Hunters? Paintball? Poachers? Play fort? Those were the questions asked by residents of the gated HighPointe subdivision in Dripping Springs this week about an alleged hunter’s deer blind discovered in a wooded area on community property. And what about that XP40 loaded gun that was also reportedly found in the woods on community property this week by a 5-year old?
On Tuesday, one resident reported to the community email group that a loaded gun had been found on community property by a 5-year old. Two days later, HighPointe neighbors learned about an alleged hunting deer blind, photographed in a wooded area on community property. In their gated neighborhood. Where kids play, pets romp, and adults jog, bike, and walk. No wonder some residents were alarmed.
In response to a call to Texas Parks & Wildlife, communications officer Patrick Schubert said he was not aware of the alleged HighPointe deer blind specifically, but said hunting blinds discovered in residential areas across Texas are “not as uncommon as you would think.” He said the agency actually receives several calls per year.
“They’re not as visible to the public and a lot of people in residential areas haven’t been exposed to much hunting. Many of those reports actually turn out to be false,” Schubert said.
Hays County Game Warden James Michael confirmed having received several calls during the past week about an alleged illegal deer blind in the vicinity of HighPointe. Michael said the initial calls were from alarmed homeowners but more recent calls had come from others assuring him it was “just kids playing paintball.”
The game warden agreed the latter explanation didn’t completely make sense in light of the apparent camo-covered feeder on the ground below the makeshift tree blind/stand/fort. As one HighPointe resident commented after seeing the photos posted on the neighborhood email group, “The paintball thing only makes sense if your paintball opponents are deer.”
Meanwhile, conjecture continued throughout the week about whether the site had been a play fort for kids, or a paint ball position – which could possibly explain the sounds of “shots” being fired. No shell casings were reported being found at the site.
By Thursday, it became clear that the loaded gun and the deerblind/fort/paintball site were unrelated. The Hays County Sheriff’s Office confirmed the gun belonged to a former police officer and resident, whose car was broken into in November, 2011, and the holstered, loaded weapon stolen.
Also on Thursday, a resident who spoke to the Hays County Sheriff’s Office about the hunting concerns reported being dismayed at learning that the location of the HighPointe subdivision is considered to be in the jurisdiction of the county, which does not have an ordinance against firing a weapon.
Texas Parks & Wildlife has two Game Wardens on call for Hays County. One of them is Game Warden James Michael, who said the wardens and sheriffs have both been called out to the HighPointe area a number of times before with reports of gun shots.
“Residents should keep in mind that they’re surrounded by ranch land,” Michael said. “Often, the guns they hear are being fired on the nearby 400 acre ranch.”
When illegal hunting is suspected, however, TPW dispatcher Schubert encouraged all residents of any residential community in Texas, to report it immediately to the TPW.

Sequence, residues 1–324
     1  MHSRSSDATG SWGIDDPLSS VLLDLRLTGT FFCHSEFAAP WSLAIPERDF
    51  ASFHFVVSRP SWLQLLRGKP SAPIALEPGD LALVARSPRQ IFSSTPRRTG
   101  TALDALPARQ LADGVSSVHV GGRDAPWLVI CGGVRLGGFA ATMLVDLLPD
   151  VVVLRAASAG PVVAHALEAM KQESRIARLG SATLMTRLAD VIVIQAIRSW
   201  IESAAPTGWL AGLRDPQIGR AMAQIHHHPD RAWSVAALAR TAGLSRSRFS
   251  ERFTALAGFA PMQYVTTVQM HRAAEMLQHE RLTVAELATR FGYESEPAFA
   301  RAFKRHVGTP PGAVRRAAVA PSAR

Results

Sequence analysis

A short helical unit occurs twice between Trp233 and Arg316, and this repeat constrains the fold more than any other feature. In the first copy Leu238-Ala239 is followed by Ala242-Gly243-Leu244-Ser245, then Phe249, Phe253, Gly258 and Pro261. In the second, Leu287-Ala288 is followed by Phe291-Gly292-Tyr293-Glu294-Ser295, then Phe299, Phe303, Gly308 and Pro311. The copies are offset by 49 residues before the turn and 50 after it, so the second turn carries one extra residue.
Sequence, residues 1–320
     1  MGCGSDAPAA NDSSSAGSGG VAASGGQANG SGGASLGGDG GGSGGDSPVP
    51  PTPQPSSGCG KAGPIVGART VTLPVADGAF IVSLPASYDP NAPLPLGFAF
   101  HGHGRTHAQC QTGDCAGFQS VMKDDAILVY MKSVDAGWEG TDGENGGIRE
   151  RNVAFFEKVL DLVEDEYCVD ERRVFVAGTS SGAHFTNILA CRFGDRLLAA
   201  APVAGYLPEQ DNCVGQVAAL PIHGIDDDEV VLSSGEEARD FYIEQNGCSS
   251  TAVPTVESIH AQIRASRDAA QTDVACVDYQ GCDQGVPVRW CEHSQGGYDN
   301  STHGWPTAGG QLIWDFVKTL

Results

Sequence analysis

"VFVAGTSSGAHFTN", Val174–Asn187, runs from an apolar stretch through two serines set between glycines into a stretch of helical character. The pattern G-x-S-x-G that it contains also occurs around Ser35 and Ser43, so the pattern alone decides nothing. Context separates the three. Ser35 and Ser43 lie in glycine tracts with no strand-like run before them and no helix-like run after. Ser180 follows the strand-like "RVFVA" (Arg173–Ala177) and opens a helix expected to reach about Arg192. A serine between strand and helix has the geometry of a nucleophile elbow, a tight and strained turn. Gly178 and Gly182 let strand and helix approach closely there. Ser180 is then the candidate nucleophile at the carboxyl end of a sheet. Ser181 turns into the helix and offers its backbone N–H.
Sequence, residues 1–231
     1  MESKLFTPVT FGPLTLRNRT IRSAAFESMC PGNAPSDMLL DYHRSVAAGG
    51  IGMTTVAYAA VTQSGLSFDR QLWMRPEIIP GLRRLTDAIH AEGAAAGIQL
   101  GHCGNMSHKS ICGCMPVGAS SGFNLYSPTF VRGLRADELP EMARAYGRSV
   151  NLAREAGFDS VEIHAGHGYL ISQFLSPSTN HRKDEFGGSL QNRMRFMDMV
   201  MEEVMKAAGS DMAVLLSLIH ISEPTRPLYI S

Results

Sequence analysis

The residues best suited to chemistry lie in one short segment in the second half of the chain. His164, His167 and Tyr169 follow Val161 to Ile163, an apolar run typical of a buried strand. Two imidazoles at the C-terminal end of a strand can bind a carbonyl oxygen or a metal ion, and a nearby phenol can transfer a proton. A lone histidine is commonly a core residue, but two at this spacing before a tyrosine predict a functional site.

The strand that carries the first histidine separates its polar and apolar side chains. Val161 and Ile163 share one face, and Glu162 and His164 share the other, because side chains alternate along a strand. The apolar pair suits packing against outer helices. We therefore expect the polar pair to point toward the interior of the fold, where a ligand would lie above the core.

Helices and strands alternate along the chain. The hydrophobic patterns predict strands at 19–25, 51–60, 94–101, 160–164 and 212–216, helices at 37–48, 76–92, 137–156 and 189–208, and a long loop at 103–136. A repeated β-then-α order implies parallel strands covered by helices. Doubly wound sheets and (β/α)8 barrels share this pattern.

“Don’t wait to call. We are here 24/7 and it’s a lot easier to catch someone in the act than to try and find them and get them to confess,” Schubert said.
On Friday, the HighPointe Property Owner’s Association (POA) issued a statement to residents that the Association had been “notified of illegal hunting equipment stored on Association property and possible illegal hunting.” The HighPointe POA does not operate or moderate the HighPointe neighborhood email user group.
In the statement, the Association stated that “all hunting is prohibited” in HighPointe, and that the organization would be working with “the proper authorities for a full investigation.” The POA email echoed Schubert’s direction for residents to call TPW, as well as the Hays County Sheriff’s Department, with any knowledge of or witness to “suspicious behavior.”
Sgt. Mike Wood of the Hays County Sheriff’s Office confirmed that the HighPointe subdivision is under Hays Country jurisdiction because it is located outside of the Dripping Springs Extra Territorial Jurisdiction (ETJ). This means that the lack of an ordinance against firing a weapon in HighPointe is at the county level, not the city level.
Hays County Game Warden James Michael also said that even if HighPointe were in the City’s ETJ, and even if hunting is a violation of HighPointe’s POA, it is not a violation of state law to have a deer stand or feeder on property within city limits or elsewhere within the county. Michael said that means any prosecution of an alleged illegal deer blind in HighPointe would be a civil matter, not a criminal matter, until and unless the landowner – presumably the developer – calls and requires the activity on their property be stopped.
For the many residents of HighPointe who have come from other parts of the country, the ETJ is likely a completely foreign concept. Most certainly don’t feel like they live “out in the county” due to the extensive residential infrastructure within the gates of their community. But this week’s incidents are a reminder that, despite the suburban-like setting, HighPointe is still very much located in the heart of Texas.
EDITOR’S NOTE: In the coming week, we will provide an extensive report on the Dripping Springs city limits, the ETJ, and what it all really means to area residents.